No Soup for You!

With all the buzz surrounding the Droid and Verizon’s counter-iPhone advertising campaign, many industry analysts are clamoring for Apple to release their iPhone on Verizon’s network. Others are reporting various rumors that Apple is ending their exclusive arrangement with AT&T or will be releasing iPhones for Verizon in 2010. Up until this point, I believed that Apple would not release an iPhone for Verizon until at least 2011. But even I was starting to be swayed by all the hype into thinking that maybe Apple would release an iPhone for Verizon in 2010. That was until I read this excellent article detailing how successful Apple has been with their single-vendor strategy.

The article is rather long and detailed, so I’ll sum up some of the main points here:

1) The technology in Verizon’s current network (CDMA) is different than what AT&T uses (GSM), so it would require designing a new iPhone, along with all the regulatory headaches, and then would require Apple to split their manufacturing, hurting their economies of scale. This would all be for a technology that will be obsolete in a few years. The next generation (4G) of Verizon’s network (LTE) will be the same as AT&T’s, but that will likely not be built out sufficiently until 2011 at earliest.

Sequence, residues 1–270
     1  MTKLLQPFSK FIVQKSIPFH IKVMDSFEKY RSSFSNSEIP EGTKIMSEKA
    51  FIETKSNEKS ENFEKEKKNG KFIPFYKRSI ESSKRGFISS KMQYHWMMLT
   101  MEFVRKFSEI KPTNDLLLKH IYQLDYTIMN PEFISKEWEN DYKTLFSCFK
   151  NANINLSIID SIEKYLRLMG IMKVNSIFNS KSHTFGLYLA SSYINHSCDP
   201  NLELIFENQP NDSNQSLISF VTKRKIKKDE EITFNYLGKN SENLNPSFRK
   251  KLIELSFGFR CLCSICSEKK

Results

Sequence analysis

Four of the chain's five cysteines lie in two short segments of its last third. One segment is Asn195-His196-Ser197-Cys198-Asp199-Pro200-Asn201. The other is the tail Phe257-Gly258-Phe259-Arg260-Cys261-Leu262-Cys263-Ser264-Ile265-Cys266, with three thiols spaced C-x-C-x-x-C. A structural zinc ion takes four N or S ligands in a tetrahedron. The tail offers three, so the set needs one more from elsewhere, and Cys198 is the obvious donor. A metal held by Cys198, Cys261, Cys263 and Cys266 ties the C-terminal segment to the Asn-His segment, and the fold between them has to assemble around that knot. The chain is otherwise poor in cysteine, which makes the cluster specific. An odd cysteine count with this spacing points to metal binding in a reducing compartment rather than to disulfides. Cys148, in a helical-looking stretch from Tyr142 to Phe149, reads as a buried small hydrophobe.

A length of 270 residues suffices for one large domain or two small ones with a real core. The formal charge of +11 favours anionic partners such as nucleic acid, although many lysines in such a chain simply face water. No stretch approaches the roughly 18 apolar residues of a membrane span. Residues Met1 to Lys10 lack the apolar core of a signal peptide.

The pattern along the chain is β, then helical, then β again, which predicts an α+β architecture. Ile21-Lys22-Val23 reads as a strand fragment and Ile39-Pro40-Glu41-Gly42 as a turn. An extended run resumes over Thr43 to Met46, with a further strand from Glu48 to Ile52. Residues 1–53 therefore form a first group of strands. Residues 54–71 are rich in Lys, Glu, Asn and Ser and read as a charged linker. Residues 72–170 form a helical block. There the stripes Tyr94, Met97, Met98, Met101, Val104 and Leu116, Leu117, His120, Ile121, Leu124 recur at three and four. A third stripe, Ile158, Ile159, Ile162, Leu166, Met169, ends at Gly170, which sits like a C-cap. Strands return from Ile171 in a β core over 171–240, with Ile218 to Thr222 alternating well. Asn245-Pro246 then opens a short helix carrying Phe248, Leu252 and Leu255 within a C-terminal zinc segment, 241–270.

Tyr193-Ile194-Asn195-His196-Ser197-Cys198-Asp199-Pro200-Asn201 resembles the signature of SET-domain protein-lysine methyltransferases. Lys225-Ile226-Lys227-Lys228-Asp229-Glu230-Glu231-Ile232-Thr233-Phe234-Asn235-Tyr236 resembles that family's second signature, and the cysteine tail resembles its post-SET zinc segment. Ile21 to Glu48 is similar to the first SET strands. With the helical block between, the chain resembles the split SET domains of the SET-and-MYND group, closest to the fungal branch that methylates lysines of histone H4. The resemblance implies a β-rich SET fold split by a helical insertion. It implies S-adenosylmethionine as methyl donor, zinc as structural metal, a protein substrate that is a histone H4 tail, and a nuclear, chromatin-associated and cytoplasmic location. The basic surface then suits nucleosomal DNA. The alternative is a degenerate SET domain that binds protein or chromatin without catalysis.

2) Comparison to Blackberry sales, which are sold on multiple carriers, shows that Apple is neck-and-neck. Apple simply doesn’t need to sell on multiple carriers at this time.

3) Apple would do better growing their global market than trying to capture the Verizon market in the US. Why should Apple spend their resources on a much more technologically challenging and expensive project like a Verizon iPhone, when they can keep their focus on getting more customers in the global GSM market?

4) One reason Apple has been successful is precisely because they followed a single-carrier strategy. This allowed them to dictate more favorable terms, simplify their product lineup, and successfully execute a focused marketing campaign. Other vendors must cede concessions to the carriers, have complicated product matrices, and fracture their marketing efforts across those carriers and products. Had Apple simply copied the more established vendors’ strategies, they would likely have been just another phone vendor. Instead, Apple chose not to follow the herd and single-handedly created an entirely new market.

The article also notes that Google’s strategy for their Android phones is reminiscent of the old, failed way. This does not bode well for success against the iPhone.

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